with accepting a moratorium on equity withdrawals even if property values rise (potentially the government can also place a delayed claim on home equity at a payment level comfortable to the homeowner after the market recovers to recoup the underwater payment it made to the financial institution at the time of restructuring the mortgage). The restructurings have to be limited to primary residences.
(C) Healthy mortgage assets held by the GSEs, still a majority of them, can be divested and spun off from government conservatorship as a private housing bank with the option to become a BHC over the next 5 years and the GSE mandate can be changed to serve the needs of forward-looking housing loan purchases seeded by government money to catalyze the market place.
(D) Obviously, the government bears no responsibility for the non-conforming mortgages above the current $730,000 or so limit.
WHERE THE ECONOMY IS: FORECLOSURES HAVE NOT ABATED. GSE reform is at a standstill and the Secretary of the Treasury prefers to leave them intact.
Buying state and local debt to infuse funds into states that request them and to prevent a creep of the financial crisis into state and local debt.
Bridge, road and other infrastructure repairs.
FY 2008-2009 spending, until 09/30/2009, on transition costs on infrastructure and energy reforms toward medium and long term objectives, noting that this objective may not get all the funding it needs from the currently available funds and that future expenditures in this area may need to be part of future budgets.
If the Congress can get this done before Thanksgiving, they can come back to town for the Inauguration after what will be a well deserved break for the returning members and a hopeful beginning to look forward to for the new members.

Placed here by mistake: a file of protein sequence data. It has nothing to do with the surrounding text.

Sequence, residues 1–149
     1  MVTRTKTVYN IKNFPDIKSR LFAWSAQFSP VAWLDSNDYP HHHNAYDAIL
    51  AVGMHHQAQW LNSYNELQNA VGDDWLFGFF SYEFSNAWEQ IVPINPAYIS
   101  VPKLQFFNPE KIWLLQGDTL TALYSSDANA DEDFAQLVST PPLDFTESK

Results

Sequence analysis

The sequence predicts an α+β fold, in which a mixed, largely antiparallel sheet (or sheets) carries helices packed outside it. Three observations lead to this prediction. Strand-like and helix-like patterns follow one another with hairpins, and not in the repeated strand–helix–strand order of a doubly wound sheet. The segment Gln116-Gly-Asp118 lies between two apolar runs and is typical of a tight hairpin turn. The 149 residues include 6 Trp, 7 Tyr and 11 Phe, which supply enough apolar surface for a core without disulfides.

The American people will be thankful.
WHERE THE COUNTRY STANDS: IN DESPAIR
Economic objectives — Short term, Year 1 (end of the first 100 days to 09/30/2010, the next fiscal year)
Restructure the auto industry by aiding forward-looking M&A activity in the auto market, bringing together American hybrid and plug-in car manufacturers such as Tesla Motors and the Big Three, with a focus on retooling for natural gas, gas-electric and plug-in hybrid cars.
WHERE THE ECONOMY IS: WIDESPREAD ADOPTION OF ELECTRIC CARS IS AT LEAST A DECADE AWAY BEGINNING IN 2011-2012.
Revamp financial regulation along the lines of the U.K. FSA as a twin of the Federal Reserve.
WHERE THE ECONOMY IS: THE REFORM IS NOW BEING DEBATED AND I HAVE STREAMLINED THE ABOVE PROPOSAL ON THIS BLOG.
Enact a GHG tax structure, domestic and international (to induce China and India into the global climate change treaty) and create a cap and trade system in the FY 2009-2010 budget for energy diversification and climate change to prepare for Copenhagen in December 2009. Both the GHG tax and cap and trade system will be overseen jointly by the DOE and EPA. Negotiate and sign the global climate change treaty in Copenhagen in December 2009.
Eliminate gasoline taxation in the United States and enact a tariff on oil imports to ensure price competitiveness of oil alternatives.
WHERE THE ECONOMY IS: ENERGY POLICY HAS BEEN SIDELINED WITH THE EXCEPTION OF A FEW INCENTIVES IN AMERICAN RECOVERY AND REINVESTMENT ACT AND THE FEDERAL BUDGET WITH NO INVESTMENT IN SIGHT YET. See a related blog post of mine here.
Economic objective — Short term, Year 2 (FY 2010-2011)
Create a United States Investment Bank (along the lines of the European Investment Bank) as a GSE (superseding all the existing GSEs) to catalyze private sector activity in green-electronic housing, infrastructure (including high speed rail, power grid and a national contingency energy infrastructure to replace the SPR), energy, education and healthcare.
WHERE THE ECONOMY IS: NO MOVEMENT ON THIS FRONT WHERE THE MOST JOBS RESIDE See a related blog post of mine here:
Encourage state and local governments to change zoning laws (Green Work-Life Zones to minimize commutes by leveraging advanced telecommunications technologies such as CISCO’s Telepresence) and construction codes to mandate green building standards gradually, initially with incentives and later with penalties, over the period of a decade.
WHERE THE ECONOMY IS: THERE IS NO MOVEMENT ON THIS FRONT. THERE IS AN INTERAGENCY PROGRAM TO LOOK INTO GOVERNMENT ENERGY EFFICIENCY TO WHICH I HAD SUBMITTED THIS COMMENT IN MORE DETAIL THROUGH THE FEDERAL RESERVE IN 2009 BUT WAS SUSPENDED FROM WORK FOR COMPLAINING THAT MY COMMENT WAS ATTRIBUTED TO ANOTHER EMPLOYEE WHO WAS REWARDED. See a related blog article of mine here.
Create a road map for the representation of EU consolidation on the G7 and integration of emerging markets into the G7 over time to enable better coordination of global financial markets supervision and regulation.
WHERE THE GLOBAL ECONOMY IS: The G7 has been expanded to the G20 in Pittsburgh in 2009.
Accordingly, reform the IMF and World Bank to carry out the road map.